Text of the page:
lateral and medial uprights pivotally attached to said footplate; and
means for securing said lateral upright to said lateral portion of said shell, and said medial upright to said medial portion of said shell.
5. The orthosis as defined in claim 4 wherein said urging means includes a plurality of straps attached vertically along said shell and extending across said second flexible material.
6. The orthosis as defined in claim 5 wherein said securing means includes hook and pile fasteners.
7. The orthosis as defined in claim 1 wherein:
said lateral and medial portions are coupled to said posterior portion by a plurality of rivets; and
said urging means includes a plurality of straps fastened along one side of said shell, said straps extending across the anterior of the limb to attach to the other side of said shell.
8. The orthosis as defined in claim 1 wherein edge portions of said second flexible material are adapted to be placed inside said first flexible material.
Description
BACKGROUND OF THE INVENTION

The present invention relates to fracture bracing and, more particularly, to an improved fracture orthosis or brace of the type that permits ambulation of the patient having both a fracture and soft tissue damage.

Traditionally, fractures of the tibia have been treated with a toe-to-groin cast of plaster of paris. The cast immobilizes the ankle, leg, knee and thigh, thereby severely limiting the mobility of a typical patient. Lack of ambulation can lead to joint stiffening and muscle atrophy. Additionally, the cast is uncomfortable because of its weight, and the patient's inability to relieve itching.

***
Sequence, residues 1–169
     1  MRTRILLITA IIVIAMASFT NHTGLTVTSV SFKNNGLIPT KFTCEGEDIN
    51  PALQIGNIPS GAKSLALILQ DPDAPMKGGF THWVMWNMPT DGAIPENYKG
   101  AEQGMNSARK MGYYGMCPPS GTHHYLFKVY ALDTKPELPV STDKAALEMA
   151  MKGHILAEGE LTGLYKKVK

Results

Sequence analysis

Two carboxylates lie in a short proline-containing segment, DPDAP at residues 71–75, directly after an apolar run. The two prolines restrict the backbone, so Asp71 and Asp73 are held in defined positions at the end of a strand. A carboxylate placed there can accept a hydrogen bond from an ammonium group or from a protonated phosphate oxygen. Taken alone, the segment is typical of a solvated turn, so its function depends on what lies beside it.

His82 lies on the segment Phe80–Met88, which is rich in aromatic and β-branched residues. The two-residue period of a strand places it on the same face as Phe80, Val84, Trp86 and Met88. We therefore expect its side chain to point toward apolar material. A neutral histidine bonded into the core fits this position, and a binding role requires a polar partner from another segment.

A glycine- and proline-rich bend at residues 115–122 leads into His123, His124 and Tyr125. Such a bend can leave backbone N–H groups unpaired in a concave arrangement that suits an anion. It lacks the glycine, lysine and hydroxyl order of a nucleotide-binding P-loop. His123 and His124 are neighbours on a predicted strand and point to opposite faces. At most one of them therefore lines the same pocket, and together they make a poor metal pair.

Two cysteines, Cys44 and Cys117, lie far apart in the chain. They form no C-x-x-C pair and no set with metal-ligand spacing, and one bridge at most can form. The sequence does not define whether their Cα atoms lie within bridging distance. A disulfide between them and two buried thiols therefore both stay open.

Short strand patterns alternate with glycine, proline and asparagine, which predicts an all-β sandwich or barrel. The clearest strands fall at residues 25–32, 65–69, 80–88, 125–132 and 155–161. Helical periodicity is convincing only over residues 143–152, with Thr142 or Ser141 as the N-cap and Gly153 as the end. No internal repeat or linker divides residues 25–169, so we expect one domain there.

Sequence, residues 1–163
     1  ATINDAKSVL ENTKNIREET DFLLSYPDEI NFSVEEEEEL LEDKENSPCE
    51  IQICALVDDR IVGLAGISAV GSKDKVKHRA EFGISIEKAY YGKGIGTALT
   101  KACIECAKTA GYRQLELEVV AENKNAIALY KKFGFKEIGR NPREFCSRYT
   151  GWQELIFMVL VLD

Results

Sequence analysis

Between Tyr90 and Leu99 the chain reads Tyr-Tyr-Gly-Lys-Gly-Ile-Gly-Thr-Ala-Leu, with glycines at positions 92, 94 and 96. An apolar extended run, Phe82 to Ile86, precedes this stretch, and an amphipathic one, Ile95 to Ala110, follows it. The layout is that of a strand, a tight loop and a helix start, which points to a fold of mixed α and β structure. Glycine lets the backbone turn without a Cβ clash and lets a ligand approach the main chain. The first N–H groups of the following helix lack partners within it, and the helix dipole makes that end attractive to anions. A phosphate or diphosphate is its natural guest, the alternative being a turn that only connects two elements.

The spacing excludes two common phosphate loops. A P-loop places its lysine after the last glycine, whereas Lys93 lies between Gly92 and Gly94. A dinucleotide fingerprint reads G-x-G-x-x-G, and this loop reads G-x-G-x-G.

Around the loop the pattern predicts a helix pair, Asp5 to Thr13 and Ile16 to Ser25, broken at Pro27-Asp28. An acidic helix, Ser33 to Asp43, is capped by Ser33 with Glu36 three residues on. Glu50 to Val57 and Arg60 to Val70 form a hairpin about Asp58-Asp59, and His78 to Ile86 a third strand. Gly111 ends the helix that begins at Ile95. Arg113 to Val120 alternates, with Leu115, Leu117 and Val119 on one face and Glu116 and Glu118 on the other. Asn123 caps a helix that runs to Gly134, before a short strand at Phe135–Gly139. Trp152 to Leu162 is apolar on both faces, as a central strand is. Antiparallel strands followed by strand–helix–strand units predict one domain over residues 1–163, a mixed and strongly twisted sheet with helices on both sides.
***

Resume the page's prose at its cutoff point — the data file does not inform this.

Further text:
It has been recognized that after an initial period with the toe-to-groin cast a special type of fracture brace or orthosis for tibia and fibula fractures can be used in place of toe-to-groin casts. This fracture brace extends from the foot to the knee and completely encases the involved leg in a rigid shell. An example of this type of fracture brace is described in U.S. Pat. No. 4,320,748 to Racette et al. Loads from the ambulation permitted by this type of fracture brace are transferred to the proximal part of the skeleton by the rigid shell, the encased musculature, and the involved tibia and fibula. It has been found that this load transfer can enhance osteogenesis. Any shortening of the involved leg with this technique is of the same magnitude as with the toe-to-groin cast. Any rotation or angulation of the involved bone is also of the same magnitude.

This prior fracture brace permits proximal joint use, and reduces muscle atrophy and the incidence of nonunion of the bones. In the past, the acuteness of the initial injury usually results in appreciable swelling, discomfort, and soft tissue damage for which a toe-to-groin cast would be necessary. The use of the prior fracture brace with soft tissue damage can result in unacceptable discomfort because of pressure on the damaged tissue. Therefore, the fracture brace would be used only after initial acute treatment in a toe-to-groin cast, or after the soft tissue damage has healed.